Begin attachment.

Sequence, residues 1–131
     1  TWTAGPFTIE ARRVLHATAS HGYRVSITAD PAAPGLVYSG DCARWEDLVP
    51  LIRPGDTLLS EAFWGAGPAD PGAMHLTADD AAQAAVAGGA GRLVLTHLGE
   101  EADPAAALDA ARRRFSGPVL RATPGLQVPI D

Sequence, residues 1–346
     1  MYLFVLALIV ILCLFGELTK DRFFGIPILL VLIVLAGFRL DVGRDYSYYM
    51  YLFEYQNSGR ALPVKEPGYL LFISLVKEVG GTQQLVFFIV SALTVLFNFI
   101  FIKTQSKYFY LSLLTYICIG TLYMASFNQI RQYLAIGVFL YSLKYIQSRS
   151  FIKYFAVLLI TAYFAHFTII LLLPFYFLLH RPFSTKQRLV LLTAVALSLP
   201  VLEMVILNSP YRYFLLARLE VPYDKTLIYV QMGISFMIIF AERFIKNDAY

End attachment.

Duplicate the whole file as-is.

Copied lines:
Sequence, residues 1–131
     1  TWTAGPFTIE ARRVLHATAS HGYRVSITAD PAAPGLVYSG DCARWEDLVP
    51  LIRPGDTLLS EAFWGAGPAD PGAMHLTADD AAQAAVAGGA GRLVLTHLGE
   101  EADPAAALDA ARRRFSGPVL RATPGLQVPI D

Sequence, residues 1–346
     1  MYLFVLALIV ILCLFGELTK DRFFGIPILL VLIVLAGFRL DVGRDYSYYM
    51  YLFEYQNSGR ALPVKEPGYL LFISLVKEVG GTQQLVFFIV SALTVLFNFI
   101  FIKTQSKYFY LSLLTYICIG TLYMASFNQI RQYLAIGVFL YSLKYIQSRS
   151  FIKYFAVLLI TAYFAHFTII LLLPFYFLLH RPFSTKQRLV LLTAVALSLP
   201  VLEMVILNSP YRYFLLARLE VPYDKTLIYV QMGISFMIIF AERFIKNDAY